Natural Sciences Notes > Mathematics for Natural Sciences Notes

This is an extract of our **Integration** document, which
we sell as part of our **Mathematics for Natural Sciences Notes** collection written by the top tier of
Cambridge University students.

* The following is a more accessble plain text extract of the PDF sample above, taken from our Mathematics for Natural Sciences Notes.
Due to the challenges of extracting text from PDFs, it will have odd formatting:
*

Mathematics for NST Part IA Cambridge University, 2012-2013

Notes for Integration Riemann sums and The Fundamental Theorem of Calculus: Definite integration is defined in terms of Riemann sums, and is extended to indefinite integration by means of the Fundamental Theorem of Calculus. Definite integrals: The definite integral of

f (x) is an expression of the cumulative behaviour of f ( x) with

x (the area under the curve f ( x) ). Thus, the formal definition of a definite integral can be derived by considering the area bounded by the lines

y=0 :

y

x=a , x=b and

If this area is separated into rectangles of uniform width

f ( x)

centred at

dx

xi , where

i [?][1, N ] , and with heights

f (xi )

f ( x i ) , i [?][1, N ]

x a

x i-2 x i-1 x i

dx

under the curve is approximated by the Riemann sum:

x i+1 x i+2 b

If the Riemann sum has a finite limit as

N-[?]

, then the area

and thus

dx - 0 , its limit as N - [?]

represents the area under the curve, and is equivalent to the Riemann integral: b

[?] f (x)dx= lim a

N

[?] f (x i) dx

N - [?] i=1

Indefinite integrals: By the Fundamental Theorem of Calculus, an indefinite integral

F( x ) is defined by the

reverse process of differentiation: x

Let

x+dx

F ( x )=[?] f (x)dx , thus a

F ( x+ dx )= [?] f ( x)dx

x a

x+dx

[?] F ( x +dx )=[?] f ( x) dx+ [?] f ( x) dx a

Where

x a can take any value. x+ dx

Since

Sarah Jeffreson

dx

is infinitesimally small,

[?]

x f (x) dx [?] dxf (x ) :

Mathematics for NST Part IA Cambridge University, 2012-2013

[?] F ( x +dx )=F ( x )+ dxf ( x)

[?] f ( x )=

F ( x +dx )-F(x )

dx

[?] lim f ( x)=f ( x )= lim

dx - 0

dF d

[?]

=f ( x ) [?]

dx dx

Sarah Jeffreson

[[?] ]

x f ( x ) dx =f ( x)

dx - 0

F ( x+ dx )-F ( x) dF

=

dx dx

Mathematics for NST Part IA Cambridge University, 2012-2013 Evaluation of the definite integral: Let: x

[?] f (x)dx=F (x) 0

It can be seen that: b

a

[?] f (x)dx=F ( b ) ,[?] f (x) dx=F (a) 0

0 Therefore: b

b

[?] f (x)dx=F ( b )-F ( a )=[ F ( x ) ]a a

The average of a function: A useful property of the definite integral of a function is that, as it gives the total cumulative value of the function (the area under the function) between two boundaries, it can be used to find the function's average value. The average value is equal to the total cumulative value between the two boundaries, divided by the range of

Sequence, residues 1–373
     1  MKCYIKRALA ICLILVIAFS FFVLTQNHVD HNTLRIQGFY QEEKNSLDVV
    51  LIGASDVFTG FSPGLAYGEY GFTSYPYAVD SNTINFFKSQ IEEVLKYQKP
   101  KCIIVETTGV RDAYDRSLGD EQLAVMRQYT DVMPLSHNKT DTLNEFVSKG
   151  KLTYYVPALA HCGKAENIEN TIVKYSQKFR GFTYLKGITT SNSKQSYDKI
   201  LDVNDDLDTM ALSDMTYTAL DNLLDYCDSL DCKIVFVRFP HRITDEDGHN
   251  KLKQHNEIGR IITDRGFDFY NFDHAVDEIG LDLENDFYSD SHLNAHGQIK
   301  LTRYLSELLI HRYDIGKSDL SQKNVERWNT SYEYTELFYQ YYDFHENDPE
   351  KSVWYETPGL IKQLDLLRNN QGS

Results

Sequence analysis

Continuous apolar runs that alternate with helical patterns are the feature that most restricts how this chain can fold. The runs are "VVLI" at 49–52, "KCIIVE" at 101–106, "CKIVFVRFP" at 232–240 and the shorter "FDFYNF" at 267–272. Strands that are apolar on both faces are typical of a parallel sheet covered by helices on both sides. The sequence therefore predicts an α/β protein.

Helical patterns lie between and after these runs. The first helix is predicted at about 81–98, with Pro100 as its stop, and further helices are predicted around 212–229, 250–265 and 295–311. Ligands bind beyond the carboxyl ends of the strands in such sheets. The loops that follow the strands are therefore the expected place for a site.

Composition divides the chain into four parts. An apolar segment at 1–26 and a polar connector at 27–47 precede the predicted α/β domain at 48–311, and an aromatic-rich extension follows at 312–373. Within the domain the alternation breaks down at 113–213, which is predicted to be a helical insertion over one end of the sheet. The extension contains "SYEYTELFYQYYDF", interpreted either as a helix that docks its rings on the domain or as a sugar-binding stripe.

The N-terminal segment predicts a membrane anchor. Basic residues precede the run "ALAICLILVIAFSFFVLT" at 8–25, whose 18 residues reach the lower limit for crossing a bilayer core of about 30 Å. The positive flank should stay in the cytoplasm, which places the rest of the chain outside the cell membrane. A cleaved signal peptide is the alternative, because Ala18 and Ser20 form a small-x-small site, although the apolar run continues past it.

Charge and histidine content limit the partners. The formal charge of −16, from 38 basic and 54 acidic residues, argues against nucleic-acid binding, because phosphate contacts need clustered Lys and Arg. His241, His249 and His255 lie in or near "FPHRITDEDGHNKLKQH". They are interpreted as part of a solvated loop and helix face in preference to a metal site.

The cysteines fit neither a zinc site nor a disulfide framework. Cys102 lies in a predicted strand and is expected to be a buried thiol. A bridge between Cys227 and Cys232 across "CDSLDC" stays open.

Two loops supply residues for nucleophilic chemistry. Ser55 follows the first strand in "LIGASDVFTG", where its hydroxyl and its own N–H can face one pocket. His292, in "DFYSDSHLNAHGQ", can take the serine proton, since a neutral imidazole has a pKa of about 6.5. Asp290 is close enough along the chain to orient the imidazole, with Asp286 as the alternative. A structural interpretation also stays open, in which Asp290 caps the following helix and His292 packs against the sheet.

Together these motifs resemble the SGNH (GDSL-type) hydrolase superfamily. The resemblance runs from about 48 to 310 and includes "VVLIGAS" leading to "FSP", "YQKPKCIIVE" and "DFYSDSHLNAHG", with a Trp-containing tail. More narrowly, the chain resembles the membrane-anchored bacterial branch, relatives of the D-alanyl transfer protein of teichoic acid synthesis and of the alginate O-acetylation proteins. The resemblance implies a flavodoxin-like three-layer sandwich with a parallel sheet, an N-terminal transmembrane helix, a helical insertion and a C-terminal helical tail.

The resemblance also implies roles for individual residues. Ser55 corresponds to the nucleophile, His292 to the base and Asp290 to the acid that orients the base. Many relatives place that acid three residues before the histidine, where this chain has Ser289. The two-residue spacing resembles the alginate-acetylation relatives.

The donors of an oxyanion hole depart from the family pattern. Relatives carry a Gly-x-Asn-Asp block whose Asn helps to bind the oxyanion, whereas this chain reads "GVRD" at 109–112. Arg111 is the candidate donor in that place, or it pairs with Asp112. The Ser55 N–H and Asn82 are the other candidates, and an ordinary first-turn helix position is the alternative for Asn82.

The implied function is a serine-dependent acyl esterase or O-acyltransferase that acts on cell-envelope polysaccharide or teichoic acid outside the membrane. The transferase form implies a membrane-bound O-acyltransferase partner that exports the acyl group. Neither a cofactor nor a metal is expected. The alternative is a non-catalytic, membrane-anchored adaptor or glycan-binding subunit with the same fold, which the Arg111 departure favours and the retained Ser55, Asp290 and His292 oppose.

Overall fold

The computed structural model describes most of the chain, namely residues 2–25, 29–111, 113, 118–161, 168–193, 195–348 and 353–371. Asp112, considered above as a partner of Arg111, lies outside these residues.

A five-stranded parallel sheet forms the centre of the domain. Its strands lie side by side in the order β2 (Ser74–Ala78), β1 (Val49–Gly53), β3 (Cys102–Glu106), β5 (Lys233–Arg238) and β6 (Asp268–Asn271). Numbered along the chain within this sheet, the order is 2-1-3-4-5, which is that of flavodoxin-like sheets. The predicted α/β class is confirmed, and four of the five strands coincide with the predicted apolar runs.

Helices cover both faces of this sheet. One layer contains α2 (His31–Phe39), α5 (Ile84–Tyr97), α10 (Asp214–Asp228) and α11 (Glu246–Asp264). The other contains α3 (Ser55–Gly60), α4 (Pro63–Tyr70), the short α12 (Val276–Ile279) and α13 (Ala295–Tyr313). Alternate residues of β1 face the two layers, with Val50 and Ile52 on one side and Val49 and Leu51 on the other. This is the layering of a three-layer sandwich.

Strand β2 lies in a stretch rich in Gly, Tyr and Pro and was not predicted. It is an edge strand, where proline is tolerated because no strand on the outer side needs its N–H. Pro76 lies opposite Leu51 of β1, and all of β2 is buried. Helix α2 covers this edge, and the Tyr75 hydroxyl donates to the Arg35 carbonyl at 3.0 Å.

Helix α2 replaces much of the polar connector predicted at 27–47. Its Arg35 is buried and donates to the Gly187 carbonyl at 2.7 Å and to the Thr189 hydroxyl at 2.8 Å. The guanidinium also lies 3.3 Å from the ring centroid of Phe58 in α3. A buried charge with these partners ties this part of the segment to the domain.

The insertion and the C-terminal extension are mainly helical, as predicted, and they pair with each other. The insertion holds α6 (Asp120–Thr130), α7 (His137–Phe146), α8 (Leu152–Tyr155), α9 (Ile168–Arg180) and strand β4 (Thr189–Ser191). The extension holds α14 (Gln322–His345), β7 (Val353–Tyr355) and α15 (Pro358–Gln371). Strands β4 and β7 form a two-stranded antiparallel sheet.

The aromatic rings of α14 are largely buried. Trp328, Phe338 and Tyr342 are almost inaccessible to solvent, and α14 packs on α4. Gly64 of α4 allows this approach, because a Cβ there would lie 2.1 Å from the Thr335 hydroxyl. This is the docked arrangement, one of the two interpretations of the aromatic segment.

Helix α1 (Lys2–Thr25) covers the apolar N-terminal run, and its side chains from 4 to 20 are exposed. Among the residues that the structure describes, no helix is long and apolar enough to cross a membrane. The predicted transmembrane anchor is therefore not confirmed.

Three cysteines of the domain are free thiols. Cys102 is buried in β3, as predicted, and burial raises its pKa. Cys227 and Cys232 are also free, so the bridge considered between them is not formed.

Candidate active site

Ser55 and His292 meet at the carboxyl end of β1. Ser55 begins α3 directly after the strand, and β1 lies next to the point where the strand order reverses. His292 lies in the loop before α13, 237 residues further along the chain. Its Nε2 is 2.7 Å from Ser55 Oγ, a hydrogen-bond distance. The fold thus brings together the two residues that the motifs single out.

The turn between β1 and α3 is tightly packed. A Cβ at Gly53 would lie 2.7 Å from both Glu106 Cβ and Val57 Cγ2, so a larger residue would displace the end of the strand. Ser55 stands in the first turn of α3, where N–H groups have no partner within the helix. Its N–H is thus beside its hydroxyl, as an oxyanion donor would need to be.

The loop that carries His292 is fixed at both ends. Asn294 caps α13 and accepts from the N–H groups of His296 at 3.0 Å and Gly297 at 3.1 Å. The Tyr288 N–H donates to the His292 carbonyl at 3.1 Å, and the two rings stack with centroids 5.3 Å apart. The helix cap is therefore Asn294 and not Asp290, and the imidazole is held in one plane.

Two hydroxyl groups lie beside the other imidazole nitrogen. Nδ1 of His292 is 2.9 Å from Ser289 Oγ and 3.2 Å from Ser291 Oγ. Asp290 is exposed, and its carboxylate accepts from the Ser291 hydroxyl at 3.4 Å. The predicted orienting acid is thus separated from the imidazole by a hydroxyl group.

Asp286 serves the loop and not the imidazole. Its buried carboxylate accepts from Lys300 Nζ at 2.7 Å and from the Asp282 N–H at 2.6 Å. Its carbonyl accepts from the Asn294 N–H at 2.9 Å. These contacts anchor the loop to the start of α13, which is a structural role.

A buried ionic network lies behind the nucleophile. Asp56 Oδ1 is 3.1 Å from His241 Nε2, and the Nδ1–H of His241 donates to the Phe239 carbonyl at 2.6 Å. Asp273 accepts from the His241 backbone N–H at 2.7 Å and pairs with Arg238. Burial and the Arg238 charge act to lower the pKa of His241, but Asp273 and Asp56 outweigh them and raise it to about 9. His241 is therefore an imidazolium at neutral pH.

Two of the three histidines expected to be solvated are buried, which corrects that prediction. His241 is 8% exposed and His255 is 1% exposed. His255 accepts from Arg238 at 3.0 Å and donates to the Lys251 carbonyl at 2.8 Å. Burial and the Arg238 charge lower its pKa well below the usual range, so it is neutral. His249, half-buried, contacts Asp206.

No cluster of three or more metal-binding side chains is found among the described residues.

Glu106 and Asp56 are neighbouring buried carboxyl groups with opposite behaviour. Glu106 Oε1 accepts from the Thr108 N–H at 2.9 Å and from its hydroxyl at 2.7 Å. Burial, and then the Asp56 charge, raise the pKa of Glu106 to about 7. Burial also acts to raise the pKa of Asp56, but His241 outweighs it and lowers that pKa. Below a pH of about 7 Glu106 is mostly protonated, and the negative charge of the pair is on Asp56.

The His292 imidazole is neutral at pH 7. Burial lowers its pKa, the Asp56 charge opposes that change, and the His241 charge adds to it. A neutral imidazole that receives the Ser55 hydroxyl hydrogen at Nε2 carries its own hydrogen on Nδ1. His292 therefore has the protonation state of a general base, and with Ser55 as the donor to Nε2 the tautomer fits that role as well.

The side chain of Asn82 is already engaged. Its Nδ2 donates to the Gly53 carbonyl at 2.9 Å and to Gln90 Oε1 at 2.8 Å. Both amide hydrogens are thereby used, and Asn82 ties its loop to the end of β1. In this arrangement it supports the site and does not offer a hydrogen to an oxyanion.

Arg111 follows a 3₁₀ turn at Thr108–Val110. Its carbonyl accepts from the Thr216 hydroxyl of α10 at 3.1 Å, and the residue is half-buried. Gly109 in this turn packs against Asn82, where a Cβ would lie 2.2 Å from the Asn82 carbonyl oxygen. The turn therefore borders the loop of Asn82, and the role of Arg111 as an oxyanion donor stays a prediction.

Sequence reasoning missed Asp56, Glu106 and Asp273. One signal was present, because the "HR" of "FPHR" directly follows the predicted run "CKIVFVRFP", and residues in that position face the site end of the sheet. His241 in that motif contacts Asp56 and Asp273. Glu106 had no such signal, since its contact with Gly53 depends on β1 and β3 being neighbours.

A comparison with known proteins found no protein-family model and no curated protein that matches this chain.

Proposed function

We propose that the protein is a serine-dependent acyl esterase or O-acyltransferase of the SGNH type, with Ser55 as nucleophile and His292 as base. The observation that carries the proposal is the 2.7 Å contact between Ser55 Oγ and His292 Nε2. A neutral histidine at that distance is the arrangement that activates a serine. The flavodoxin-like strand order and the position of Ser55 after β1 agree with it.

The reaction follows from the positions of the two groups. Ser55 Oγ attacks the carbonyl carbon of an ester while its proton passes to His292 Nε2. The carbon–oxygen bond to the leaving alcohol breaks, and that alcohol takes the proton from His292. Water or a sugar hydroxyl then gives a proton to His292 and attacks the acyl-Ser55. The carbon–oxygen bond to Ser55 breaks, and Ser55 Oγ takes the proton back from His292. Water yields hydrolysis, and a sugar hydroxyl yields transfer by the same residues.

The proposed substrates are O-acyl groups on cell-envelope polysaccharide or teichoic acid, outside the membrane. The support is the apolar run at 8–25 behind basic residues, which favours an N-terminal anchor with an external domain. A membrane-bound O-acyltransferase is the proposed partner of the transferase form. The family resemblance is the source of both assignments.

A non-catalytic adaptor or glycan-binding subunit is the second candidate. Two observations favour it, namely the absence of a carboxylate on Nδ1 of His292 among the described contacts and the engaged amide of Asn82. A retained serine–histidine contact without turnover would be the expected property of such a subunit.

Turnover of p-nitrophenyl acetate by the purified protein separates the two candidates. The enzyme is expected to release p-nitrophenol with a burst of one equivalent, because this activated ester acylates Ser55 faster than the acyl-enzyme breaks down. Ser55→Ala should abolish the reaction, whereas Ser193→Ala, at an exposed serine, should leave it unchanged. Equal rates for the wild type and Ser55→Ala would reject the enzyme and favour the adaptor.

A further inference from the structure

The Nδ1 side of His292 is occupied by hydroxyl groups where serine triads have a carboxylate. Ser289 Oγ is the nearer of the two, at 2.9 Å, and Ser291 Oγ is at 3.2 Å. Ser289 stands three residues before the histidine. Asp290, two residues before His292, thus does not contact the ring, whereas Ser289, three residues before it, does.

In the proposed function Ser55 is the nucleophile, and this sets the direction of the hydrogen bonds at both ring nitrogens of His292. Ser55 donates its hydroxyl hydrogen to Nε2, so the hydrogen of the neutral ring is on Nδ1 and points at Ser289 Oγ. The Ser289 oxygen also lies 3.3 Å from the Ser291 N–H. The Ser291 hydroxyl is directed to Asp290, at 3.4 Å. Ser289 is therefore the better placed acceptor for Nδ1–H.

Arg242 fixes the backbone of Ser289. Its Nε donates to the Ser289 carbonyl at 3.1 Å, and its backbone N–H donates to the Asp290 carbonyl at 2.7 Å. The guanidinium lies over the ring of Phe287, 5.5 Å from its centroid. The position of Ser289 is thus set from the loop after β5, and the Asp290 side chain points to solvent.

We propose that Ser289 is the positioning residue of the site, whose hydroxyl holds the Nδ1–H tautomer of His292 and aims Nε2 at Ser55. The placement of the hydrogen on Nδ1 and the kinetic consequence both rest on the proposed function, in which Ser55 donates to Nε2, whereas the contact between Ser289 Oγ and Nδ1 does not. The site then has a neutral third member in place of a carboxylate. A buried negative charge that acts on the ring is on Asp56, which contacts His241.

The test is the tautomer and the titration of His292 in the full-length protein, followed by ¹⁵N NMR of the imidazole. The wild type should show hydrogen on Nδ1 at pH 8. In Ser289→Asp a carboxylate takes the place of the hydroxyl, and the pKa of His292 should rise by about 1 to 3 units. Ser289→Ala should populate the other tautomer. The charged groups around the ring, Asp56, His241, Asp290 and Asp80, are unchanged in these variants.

x -values over which it has accumulated:

b

1 y =

[?] y dx b-a a

Integration techniques: Evaluating infinite and improper integrals: If the range of integration for an integrand is infinite, or the integrand has singular points, the formal definition of an integral given by the area under the curve

f (x) becomes

problematic. Such integrals can be evaluated using limits, as follows: Infinite range of integration: The integrand is calculated over an infinite range:

[?]

b

[?] f (x)dx [?] lim [?] f ( x) dx a

b-[?] a

b

b

[?] f (x )dx [?] lim

-[?]

[?] f (x )dx

a--[?] a

If these limits do not exist, the integral is undefined. Improper integrals: The integrand is singular within the range of integration: Exclude the small region around the singularity and take the limit as the size of this region approaches zero:

Sarah Jeffreson

Mathematics for NST Part IA Cambridge University, 2012-2013 1

1 1 1 dx =lim [ 2 [?] x ] [?] =lim ( 2-2 [?] [?] ) =2

[?] [?]1x dx [?] lim

[?]

[?]-0 [?] [?]x

[?]-0

[?]-0 0

If these limits do not exist, the integral is undefined.

Sarah Jeffreson

Mathematics for NST Part IA Cambridge University, 2012-2013 Discontinuous integrands: The integrand contains a finite number of discontinuities within the range of integration. Break the range up into regions over which the integrand is continuous, and sum these regions, as follows:

1, x< 0 2, x> 0 f ( x )=

1 0

1 0

1 [?] [?] f (x) dx=[?] 1 dx +[?] 2 dx=[ x ]-1 + [ 2x ] 0=1+2=3

-1

0 -1

Universal substitutions for integral evaluation: Universal substitutions are substitutions which can be used to evaluate any integral of a certain form - either trigonometric or hyperbolic:

*

[?] tan x=

*

t=tan

Universal trigonometric substitution: